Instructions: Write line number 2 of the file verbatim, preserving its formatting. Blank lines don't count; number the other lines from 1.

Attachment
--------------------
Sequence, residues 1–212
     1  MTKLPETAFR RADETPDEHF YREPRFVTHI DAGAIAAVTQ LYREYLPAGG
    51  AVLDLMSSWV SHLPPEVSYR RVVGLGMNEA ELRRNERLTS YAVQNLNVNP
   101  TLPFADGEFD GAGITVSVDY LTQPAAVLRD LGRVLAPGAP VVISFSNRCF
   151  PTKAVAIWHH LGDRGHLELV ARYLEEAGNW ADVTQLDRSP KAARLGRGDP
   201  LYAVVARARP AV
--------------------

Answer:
     1  MTKLPETAFR RADETPDEHF YREPRFVTHI DAGAIAAVTQ LYREYLPAGG